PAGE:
A recent study by analytics firm Blaze Software found Android's web browser to be an average of 52% faster than a comparable iPhone.
But as this article points out, they weren't actually using the web browser app on either platform -- they wrote a custom app that used a WebView control on Android, and a UIWebView on the iPhone.
As the Register points out, web pages running in a custom app, or even an ordinary web page saved to the home screen, run about 2.5 times slower than when run within the normal Mobile Safari browser.
Apple's statement on the matter concurs that this is a significant problem with the Blaze study.
So what does it all mean? Well, first, it means that Apple has a serious problem with their UIWebView control. It goes beyond mere speed; apps saved to the home screen (or, I'm guessing, run within a UIWebView in any other context) don't have access to the HTML5 Application Cache, nor can they run in the slick new asynchronous mode. Those features work fine within Mobile Safari, but not in a stand-alone app.
What's interesting to me is that Apple, in its usual way, refused to comment on these widely known problems until the Blaze study came out. Not only that, but according to the Register article, the Mobile Safari team has privately indicated that these known issues would not be fixed. The more paranoid among us might even think that these problems were put in on purpose to discourage web apps (which bypass the Apple App Store) and encourage native apps (of which Apple gets a 30% cut). But now, when the speed problem (intentional or not) is making Apple look bad compared to Android, NOW we get a statement from them admitting to the problem.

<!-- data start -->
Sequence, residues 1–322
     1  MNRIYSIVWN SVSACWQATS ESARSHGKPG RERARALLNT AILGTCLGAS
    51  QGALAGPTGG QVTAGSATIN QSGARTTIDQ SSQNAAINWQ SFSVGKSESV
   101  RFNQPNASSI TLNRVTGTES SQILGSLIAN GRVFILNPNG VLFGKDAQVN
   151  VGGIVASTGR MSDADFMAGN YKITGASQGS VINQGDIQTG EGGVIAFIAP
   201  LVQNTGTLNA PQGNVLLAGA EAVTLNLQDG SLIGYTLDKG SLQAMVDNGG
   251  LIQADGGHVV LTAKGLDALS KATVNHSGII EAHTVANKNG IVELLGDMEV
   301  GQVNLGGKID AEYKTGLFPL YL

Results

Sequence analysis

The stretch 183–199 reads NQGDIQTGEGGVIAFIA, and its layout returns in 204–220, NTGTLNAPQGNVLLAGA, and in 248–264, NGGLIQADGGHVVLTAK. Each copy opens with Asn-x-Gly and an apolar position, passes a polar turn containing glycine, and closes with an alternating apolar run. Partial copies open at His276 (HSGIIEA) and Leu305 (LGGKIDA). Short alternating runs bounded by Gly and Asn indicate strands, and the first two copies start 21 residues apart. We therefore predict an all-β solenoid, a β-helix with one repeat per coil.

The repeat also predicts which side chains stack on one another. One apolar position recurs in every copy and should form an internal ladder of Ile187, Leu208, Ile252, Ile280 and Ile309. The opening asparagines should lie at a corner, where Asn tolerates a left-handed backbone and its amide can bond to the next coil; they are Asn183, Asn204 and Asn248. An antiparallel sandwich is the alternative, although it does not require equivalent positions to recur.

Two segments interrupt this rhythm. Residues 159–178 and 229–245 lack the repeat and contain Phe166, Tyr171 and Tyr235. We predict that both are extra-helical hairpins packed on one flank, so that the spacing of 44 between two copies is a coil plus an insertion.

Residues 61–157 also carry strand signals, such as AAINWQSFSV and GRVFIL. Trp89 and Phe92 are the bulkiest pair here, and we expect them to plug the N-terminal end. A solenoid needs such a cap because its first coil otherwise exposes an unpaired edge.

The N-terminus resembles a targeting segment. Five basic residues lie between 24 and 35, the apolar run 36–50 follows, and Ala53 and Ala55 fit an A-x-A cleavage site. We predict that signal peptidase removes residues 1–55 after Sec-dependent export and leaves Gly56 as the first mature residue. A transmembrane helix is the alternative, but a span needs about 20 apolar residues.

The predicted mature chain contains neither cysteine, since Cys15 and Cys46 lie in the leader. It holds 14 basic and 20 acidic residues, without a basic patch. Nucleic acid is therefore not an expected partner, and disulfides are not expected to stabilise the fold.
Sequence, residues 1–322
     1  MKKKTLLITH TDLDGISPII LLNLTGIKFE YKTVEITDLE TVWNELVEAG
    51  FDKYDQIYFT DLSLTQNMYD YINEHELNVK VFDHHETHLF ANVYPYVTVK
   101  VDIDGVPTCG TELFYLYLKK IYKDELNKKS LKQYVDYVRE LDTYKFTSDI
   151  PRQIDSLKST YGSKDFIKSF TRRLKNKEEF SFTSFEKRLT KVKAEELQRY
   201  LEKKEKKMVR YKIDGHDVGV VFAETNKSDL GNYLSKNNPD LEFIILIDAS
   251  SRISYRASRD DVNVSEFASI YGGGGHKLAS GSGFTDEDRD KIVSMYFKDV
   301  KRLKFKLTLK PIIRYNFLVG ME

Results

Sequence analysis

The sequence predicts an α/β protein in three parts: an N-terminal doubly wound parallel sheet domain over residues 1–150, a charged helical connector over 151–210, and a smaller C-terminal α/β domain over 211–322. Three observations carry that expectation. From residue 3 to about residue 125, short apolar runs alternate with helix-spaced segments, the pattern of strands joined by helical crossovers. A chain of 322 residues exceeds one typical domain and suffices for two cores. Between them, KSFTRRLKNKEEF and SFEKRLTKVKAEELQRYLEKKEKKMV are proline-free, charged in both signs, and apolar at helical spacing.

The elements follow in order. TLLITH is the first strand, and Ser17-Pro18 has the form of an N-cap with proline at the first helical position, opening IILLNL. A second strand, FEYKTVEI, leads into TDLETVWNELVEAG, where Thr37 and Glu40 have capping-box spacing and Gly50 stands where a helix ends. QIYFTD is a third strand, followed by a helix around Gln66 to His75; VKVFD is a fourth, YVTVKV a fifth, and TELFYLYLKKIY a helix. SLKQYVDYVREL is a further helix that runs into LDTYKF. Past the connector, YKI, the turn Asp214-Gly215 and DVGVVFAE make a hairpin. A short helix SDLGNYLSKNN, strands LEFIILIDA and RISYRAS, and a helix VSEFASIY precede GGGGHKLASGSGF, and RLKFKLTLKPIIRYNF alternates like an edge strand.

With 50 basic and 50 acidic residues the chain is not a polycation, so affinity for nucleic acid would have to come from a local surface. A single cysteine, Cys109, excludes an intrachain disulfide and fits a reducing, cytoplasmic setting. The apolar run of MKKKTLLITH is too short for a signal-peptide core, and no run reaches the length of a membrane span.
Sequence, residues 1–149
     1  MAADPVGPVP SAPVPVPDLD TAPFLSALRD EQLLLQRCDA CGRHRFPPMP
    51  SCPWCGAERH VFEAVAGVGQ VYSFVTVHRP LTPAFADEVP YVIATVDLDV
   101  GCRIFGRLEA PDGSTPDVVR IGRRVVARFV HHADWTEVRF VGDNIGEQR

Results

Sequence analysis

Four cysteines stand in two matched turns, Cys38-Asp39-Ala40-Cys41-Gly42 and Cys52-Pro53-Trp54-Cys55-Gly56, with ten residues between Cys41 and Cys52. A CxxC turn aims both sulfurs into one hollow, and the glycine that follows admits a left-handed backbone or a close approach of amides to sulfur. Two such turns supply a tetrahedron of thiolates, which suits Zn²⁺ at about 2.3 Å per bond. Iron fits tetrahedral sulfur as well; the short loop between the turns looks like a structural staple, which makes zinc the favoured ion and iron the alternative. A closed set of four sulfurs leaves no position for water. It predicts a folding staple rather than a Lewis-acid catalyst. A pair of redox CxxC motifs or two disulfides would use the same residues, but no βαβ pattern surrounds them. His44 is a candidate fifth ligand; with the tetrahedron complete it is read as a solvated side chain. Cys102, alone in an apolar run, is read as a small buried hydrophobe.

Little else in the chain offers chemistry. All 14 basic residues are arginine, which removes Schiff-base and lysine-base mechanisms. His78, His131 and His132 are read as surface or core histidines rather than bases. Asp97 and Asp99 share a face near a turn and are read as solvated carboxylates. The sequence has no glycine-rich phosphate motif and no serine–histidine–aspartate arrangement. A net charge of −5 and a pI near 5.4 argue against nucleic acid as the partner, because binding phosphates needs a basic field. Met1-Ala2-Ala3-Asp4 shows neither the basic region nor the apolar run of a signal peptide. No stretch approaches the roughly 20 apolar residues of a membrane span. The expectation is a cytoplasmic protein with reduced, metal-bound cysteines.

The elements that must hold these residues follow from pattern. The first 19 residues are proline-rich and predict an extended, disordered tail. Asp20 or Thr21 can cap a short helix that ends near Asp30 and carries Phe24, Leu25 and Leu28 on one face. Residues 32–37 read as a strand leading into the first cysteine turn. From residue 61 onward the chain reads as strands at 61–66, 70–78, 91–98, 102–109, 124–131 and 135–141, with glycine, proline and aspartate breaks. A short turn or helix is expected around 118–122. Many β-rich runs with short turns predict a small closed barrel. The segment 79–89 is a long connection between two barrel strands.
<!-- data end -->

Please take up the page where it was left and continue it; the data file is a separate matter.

It will be interesting to see whether the embarassing speed difference will cause Apple to fix any of these issues. If they don't, I expect we'll see even more such studies, and more publicity from them, until it becomes widely believed that iPhones are slow. But if they do, then either our paranoid theory about Apple's motivations is incorrect, or they're getting shamed out of their evil ways.
Either way, I'm happy to see it. At Luminary Apps, we develop native apps, not web apps. But I still don't think Apple should be needlessly crippling the web apps. Intentional or not, that's what they have done, and props go to Blaze for bringing it to public attention.